64. Heavens, I just realised Watson will make Johnson look good. We are sunk. I have never prayed for rain in my life, but jeez it’s hard not to.

  65. As Prior has shown, never underestimate the ability of England to throw wickets away.

  66. Tooting, they are probably under orders to get going though?

  67. Good on Freddy for going the bosh. He must feel tremendously freed by deciding to retire. It is really the only way he should have ever batted, just going for it at full bore.

  68. Lou – it’s dangerous to hot out do early. I’d want a 100 lead before risking things. A fifty lead could become a 120 deficit by the close and, although Punter won’t declare, Aus all out 300 with two sessions left tomorrow would be horrible for England.

  69. it’s dangerous to hot out do early

    I mean hit out too early!

  70. I love the way Warney says mo-mentum.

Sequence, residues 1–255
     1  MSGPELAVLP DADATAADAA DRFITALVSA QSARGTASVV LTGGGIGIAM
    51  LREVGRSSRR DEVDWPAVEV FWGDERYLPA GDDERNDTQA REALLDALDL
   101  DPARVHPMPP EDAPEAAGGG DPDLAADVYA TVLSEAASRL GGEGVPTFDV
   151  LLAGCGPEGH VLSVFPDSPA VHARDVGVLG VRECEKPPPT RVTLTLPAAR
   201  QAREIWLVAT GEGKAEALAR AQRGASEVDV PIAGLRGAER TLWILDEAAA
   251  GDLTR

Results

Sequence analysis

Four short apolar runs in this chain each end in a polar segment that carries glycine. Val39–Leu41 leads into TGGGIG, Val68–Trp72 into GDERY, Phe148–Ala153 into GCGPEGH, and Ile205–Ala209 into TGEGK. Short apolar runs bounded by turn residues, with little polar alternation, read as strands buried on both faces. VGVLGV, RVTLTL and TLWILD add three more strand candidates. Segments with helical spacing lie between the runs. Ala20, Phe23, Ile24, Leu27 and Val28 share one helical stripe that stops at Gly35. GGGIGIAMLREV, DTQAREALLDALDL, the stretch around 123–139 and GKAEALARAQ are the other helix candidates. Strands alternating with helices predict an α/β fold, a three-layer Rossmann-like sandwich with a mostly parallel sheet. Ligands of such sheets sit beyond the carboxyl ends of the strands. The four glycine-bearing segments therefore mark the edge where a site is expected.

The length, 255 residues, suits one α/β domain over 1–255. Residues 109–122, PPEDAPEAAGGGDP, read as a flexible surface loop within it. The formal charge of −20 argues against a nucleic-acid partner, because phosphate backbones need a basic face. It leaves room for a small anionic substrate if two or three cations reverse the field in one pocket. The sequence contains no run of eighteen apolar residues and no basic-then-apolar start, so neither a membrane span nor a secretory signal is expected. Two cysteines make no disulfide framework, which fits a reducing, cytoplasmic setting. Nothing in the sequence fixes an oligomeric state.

71. With comments like that, tooting, I don’t think you are watching the same series as me. Can we swap?

  72. I don’t quite know how to express my disappointment with Mitchell Johnson. Though, I am not at orphan obviously.

    He has gone back to his four-ball, run-leaking best in this series. You wouldn’t think he has learnt anything about bowling at international level.

  73. MJ should have played a season of county cricket. England needed a bigger lead than this. You guys can see why Broad’s batting excites us?

  74. No, he has played and missed a lot and chanced his arm with some very nice-looking shots.

    Am I supposed to get excited about that? Swann can do the same thing.

  75. In fact, he looks the same as I have seen him previously. Chancy. But he has a nice style when he hits it properly.

  76. MJ needs to be dropped, stop behaving like a baby and learn some control.

    Anyway, what County would pay out good money for him now?